Random Rejection: Sandra Dijkstra Agency, 1994

So one of the things I used to spend a lot of time on was trying to get a literary agent.  (I’ve had a grand total of three over the years, and none of them ever sold a single thing.  But that’s a different post …)

Here’s an exchange that’s pretty typical of how my interaction with a literary agent would go.  First I would send a query (possibly including sample chapters), and then I would get back something like this:

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Hey, wow, cool, they want to see more!  So I would package up whatever they asked for (in this case, 50 pages) and ship it out and then wait … and wait … and wait … and then finally I would get back something like this:

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Curses!  Foiled again!  I had all the books that they would recommend for finding literary agents … a new copy of Writer’s Market every year … a new copy of literary agent listings every year … and what did I end up with?  A collection of outdated reference books.  *SIGH*  Now we have the Internets, of course, so I can find literary agents quickly and easily online without sacrificing any shelf space, which makes the whole process of getting rejected go a lot faster.  (Or it would, if I were still looking for an agent.  Which I’m not.)

You may be curious as to what book was under consideration here.  To be honest I can’t remember.  From the time frame (early 1994) it was most likely either Night Watchman or Long Before Dawn.

Interesting side note:  I now live only about twenty-five miles from where this agency is located.  If I were a client, I could drop by for lunch from time to time.  But, oh well.  They’ll have to buy their own pizza, I guess.

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4 Comments

  1. Bummer! Good attitude on your part though.

    Jim says: Thanks … rejection letters are always disappointing, but if I took them each to heart I would never have been able to keep plugging away for this long.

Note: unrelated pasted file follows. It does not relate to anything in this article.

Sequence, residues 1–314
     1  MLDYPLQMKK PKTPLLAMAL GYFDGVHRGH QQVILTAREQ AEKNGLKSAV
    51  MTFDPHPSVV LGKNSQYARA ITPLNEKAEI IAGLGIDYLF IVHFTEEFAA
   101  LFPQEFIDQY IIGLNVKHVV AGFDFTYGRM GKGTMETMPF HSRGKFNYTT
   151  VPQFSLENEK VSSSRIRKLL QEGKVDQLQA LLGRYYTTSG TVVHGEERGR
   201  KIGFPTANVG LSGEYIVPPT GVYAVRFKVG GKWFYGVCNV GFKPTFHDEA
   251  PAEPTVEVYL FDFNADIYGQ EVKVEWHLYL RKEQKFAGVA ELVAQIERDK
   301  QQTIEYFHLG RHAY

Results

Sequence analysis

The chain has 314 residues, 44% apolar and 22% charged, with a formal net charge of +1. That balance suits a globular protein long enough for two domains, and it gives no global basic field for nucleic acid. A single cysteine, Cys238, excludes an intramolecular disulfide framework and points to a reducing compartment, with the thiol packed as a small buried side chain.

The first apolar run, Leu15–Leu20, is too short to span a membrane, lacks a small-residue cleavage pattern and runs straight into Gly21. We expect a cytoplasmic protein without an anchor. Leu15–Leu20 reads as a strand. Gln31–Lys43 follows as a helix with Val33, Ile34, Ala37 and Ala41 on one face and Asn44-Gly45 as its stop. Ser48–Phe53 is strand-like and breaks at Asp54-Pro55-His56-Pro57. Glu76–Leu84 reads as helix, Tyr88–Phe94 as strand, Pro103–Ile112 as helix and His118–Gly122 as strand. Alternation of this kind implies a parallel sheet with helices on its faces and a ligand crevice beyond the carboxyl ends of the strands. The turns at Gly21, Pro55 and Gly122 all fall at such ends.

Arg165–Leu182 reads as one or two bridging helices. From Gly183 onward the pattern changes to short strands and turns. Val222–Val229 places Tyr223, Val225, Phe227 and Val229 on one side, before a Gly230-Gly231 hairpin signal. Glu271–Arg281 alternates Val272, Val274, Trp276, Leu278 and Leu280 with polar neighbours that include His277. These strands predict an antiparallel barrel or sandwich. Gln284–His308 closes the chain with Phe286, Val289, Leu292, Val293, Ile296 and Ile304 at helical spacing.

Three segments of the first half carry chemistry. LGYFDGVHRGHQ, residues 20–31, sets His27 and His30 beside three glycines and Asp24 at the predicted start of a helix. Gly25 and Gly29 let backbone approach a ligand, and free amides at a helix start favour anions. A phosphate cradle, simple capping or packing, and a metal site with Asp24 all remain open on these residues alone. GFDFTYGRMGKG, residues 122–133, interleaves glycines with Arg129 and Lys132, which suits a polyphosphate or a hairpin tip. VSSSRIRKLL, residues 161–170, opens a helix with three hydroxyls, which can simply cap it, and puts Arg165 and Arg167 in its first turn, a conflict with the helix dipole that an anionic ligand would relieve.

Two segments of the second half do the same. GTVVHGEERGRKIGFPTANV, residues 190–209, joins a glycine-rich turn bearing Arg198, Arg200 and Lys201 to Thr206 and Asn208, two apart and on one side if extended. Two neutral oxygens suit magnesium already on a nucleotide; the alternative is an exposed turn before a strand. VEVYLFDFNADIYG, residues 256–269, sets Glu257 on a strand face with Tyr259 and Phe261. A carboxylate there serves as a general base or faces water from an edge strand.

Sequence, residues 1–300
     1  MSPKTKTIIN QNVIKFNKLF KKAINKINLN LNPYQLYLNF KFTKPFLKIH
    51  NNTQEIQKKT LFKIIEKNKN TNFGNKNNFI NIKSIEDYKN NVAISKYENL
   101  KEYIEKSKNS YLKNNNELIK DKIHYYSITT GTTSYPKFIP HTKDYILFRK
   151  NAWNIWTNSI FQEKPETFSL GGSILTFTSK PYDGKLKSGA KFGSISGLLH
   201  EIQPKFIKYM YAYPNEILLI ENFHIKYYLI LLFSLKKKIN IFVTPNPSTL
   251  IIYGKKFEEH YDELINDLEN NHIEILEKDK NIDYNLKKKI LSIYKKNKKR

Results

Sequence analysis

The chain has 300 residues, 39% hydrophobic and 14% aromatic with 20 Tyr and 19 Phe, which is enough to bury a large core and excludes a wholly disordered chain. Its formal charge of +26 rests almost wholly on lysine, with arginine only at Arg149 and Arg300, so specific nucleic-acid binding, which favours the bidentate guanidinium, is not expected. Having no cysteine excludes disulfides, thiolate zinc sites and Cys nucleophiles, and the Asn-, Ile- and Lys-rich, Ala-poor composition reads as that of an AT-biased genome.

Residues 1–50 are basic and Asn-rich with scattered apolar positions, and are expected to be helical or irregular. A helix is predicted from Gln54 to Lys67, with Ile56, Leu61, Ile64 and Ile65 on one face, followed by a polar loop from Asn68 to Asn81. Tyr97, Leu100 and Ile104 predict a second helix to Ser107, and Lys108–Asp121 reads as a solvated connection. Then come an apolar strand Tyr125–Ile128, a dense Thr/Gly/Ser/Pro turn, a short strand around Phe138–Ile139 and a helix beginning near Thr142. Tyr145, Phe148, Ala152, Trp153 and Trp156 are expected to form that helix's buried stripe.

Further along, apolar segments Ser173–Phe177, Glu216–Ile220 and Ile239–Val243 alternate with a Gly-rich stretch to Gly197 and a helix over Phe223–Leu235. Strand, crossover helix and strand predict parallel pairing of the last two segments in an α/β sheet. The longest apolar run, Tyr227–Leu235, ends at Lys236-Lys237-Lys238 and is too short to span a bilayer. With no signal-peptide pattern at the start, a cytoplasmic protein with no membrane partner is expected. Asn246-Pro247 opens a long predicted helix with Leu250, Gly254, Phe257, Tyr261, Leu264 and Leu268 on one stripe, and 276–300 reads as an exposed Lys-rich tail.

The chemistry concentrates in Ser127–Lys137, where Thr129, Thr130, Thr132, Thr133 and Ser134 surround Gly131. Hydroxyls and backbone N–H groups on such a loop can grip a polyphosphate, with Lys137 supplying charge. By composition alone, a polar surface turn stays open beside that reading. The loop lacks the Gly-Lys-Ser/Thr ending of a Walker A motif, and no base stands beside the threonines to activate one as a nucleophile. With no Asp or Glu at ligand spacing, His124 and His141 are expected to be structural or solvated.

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  2. What a crappy form letter ….. enjoy the pizza & beer with your lovely wife.

    My first thought was back to a scene from Legends of the Fall where Anthony Hopkins after having a stroke manages to lift his middle finger and slurs out “screw’em”!

    Yeah! That’s the ticket.

    Jim says: It’s a very successful agency (one of their clients is Amy Tan) so the fact that I elicited any interest from them at all is pretty good, I guess … Anyway, you get used to form letters when you start submitting!

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  3. I’m sure you wouldn’t have liked that agency anyway. They sound cold somehow. I know they get tons of requests though. There is politics in everything, isn’t there?

    Jim says: There sure is! This exchange is fairly typical, though. It’s all business, and once they’ve decided not to work with you, any time they spend on you is just overhead.

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  4. I think the agencies really aren’t looking for anything other than justifying their jobs. They will stick with their roster for the most part. But we will all try anyway…I guess… If not the independent publisher revolution moves on…

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